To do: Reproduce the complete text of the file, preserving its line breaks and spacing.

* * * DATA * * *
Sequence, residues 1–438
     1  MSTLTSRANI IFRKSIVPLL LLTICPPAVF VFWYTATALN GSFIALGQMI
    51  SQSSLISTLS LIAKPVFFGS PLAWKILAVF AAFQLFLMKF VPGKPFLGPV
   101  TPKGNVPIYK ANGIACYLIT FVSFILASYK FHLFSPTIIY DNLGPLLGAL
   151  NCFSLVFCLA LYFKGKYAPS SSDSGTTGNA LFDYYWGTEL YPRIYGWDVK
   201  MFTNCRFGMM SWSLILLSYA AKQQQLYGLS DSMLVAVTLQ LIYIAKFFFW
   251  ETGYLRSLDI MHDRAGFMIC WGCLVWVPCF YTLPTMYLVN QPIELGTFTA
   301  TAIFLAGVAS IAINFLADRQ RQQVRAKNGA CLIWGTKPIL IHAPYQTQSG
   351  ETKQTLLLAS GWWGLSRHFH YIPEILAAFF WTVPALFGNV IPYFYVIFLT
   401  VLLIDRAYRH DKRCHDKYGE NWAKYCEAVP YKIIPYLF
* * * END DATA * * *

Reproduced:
Sequence, residues 1–438
     1  MSTLTSRANI IFRKSIVPLL LLTICPPAVF VFWYTATALN GSFIALGQMI
    51  SQSSLISTLS LIAKPVFFGS PLAWKILAVF AAFQLFLMKF VPGKPFLGPV
   101  TPKGNVPIYK ANGIACYLIT FVSFILASYK FHLFSPTIIY DNLGPLLGAL
   151  NCFSLVFCLA LYFKGKYAPS SSDSGTTGNA LFDYYWGTEL YPRIYGWDVK
   201  MFTNCRFGMM SWSLILLSYA AKQQQLYGLS DSMLVAVTLQ LIYIAKFFFW
   251  ETGYLRSLDI MHDRAGFMIC WGCLVWVPCF YTLPTMYLVN QPIELGTFTA
   301  TAIFLAGVAS IAINFLADRQ RQQVRAKNGA CLIWGTKPIL IHAPYQTQSG
   351  ETKQTLLLAS GWWGLSRHFH YIPEILAAFF WTVPALFGNV IPYFYVIFLT
   401  VLLIDRAYRH DKRCHDKYGE NWAKYCEAVP YKIIPYLF